From The Art and Popular Culture Encyclopedia
Alain Robbe-Grillet's most acclaimed novel is The Voyeur, first published in French in 1955 and translated into English in 1958 by Richard Howard. With this novel Grillet won the French Critics Prize. It is the story of the world seen through the eyes of a sadistic killer.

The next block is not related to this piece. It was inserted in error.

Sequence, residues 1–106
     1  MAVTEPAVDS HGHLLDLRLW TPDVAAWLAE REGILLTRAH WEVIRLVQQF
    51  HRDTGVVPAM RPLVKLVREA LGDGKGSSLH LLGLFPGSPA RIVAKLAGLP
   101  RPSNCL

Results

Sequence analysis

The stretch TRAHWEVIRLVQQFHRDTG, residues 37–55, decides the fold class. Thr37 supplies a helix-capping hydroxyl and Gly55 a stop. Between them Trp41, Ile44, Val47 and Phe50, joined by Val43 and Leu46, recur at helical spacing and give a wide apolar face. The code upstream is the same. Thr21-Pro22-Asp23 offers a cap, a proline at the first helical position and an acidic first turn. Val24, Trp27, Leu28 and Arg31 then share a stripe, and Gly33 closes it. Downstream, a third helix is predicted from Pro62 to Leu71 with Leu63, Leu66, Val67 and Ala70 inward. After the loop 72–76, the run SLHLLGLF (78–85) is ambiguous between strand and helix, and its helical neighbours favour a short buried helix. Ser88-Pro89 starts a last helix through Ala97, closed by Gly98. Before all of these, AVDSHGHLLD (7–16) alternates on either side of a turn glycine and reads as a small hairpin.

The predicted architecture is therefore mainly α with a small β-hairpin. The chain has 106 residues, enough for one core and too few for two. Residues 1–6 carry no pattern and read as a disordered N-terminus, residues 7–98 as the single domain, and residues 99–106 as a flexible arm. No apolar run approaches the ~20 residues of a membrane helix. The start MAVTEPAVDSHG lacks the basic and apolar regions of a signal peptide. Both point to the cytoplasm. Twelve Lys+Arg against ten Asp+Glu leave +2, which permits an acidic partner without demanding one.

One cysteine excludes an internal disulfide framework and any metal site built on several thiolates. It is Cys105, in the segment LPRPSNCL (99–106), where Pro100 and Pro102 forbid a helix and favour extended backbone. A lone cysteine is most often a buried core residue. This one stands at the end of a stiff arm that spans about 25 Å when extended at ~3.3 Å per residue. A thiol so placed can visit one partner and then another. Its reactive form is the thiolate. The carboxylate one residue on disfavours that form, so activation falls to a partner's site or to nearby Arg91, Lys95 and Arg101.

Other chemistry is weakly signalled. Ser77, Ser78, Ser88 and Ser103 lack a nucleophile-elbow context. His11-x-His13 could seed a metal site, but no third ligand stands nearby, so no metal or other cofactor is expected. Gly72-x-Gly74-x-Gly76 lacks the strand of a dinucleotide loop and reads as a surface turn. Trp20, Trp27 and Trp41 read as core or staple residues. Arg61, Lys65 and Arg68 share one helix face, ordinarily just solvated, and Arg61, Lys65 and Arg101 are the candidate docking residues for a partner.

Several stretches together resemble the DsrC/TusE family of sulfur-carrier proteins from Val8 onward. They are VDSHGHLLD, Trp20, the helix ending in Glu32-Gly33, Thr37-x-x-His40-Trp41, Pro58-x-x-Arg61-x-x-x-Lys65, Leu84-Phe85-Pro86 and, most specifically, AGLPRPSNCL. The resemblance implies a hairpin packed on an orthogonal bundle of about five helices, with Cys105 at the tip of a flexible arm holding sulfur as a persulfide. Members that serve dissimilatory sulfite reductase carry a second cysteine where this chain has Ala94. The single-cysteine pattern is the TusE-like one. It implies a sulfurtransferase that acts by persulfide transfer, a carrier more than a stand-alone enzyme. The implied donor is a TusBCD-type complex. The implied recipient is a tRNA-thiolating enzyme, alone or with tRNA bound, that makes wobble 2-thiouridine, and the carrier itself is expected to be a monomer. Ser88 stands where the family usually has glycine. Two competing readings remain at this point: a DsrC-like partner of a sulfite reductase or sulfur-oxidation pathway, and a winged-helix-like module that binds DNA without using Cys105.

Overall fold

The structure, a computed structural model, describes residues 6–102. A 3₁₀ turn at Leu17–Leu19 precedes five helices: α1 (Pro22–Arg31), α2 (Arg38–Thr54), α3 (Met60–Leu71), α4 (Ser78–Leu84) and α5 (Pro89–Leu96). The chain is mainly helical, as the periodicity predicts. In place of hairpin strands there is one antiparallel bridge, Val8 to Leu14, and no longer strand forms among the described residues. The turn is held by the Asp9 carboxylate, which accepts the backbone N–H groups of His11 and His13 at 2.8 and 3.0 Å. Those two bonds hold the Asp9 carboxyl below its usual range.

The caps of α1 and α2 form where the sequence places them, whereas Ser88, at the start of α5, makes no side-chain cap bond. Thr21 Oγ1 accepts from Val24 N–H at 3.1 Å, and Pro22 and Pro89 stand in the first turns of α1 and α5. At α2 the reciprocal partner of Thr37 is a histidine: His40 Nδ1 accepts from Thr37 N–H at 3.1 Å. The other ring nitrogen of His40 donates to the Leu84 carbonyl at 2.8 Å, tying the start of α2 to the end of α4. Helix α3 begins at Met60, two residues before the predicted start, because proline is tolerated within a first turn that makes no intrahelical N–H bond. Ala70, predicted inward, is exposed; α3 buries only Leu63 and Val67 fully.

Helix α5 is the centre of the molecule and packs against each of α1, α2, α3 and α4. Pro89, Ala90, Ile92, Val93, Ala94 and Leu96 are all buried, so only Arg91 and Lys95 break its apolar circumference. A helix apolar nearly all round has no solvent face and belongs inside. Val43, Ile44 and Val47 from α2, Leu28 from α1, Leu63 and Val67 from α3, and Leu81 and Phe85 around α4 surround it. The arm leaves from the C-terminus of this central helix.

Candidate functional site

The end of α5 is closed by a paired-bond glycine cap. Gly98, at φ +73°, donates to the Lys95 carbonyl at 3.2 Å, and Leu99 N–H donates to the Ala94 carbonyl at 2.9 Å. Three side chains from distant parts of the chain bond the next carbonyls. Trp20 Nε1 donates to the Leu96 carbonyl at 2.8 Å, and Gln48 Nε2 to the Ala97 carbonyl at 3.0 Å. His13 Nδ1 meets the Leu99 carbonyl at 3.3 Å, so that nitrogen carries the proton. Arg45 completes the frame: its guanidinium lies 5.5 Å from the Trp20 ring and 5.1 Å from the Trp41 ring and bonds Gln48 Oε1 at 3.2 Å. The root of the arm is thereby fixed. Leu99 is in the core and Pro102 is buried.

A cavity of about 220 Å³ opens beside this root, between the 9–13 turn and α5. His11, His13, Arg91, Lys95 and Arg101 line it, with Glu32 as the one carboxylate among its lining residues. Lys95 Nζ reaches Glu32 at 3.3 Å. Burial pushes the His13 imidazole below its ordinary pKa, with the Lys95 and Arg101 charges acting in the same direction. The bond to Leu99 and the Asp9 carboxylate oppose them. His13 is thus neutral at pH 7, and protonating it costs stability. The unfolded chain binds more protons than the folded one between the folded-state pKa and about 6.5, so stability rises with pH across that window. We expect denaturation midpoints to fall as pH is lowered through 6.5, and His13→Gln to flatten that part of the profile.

Robbe-Grillet relates the story of Matthias, a travelling watch salesman who returns to the island of his youth with a desperate objective. As with many of his novels, The Voyeur revolves around the dubious details of a murder: throughout the novel, Matthias unfolds a newspaper clipping about the details of a young girl's murder and the discovery of her body among the seaside rocks. Matthias' relationship with the dead girl is obliquely revealed in the course of his psychological disintegration, which is rendered with objective precision in the style for which Robbe-Grillet is most famous. The narration contains little dialogue, no description of characters' interior thoughts or emotions, and an ambiguous timeline of events. Indeed, the novel's opening line is indicative of the novel's tenor: "It was as if no one had heard." The Voyeur was awarded the Prix des Critiques.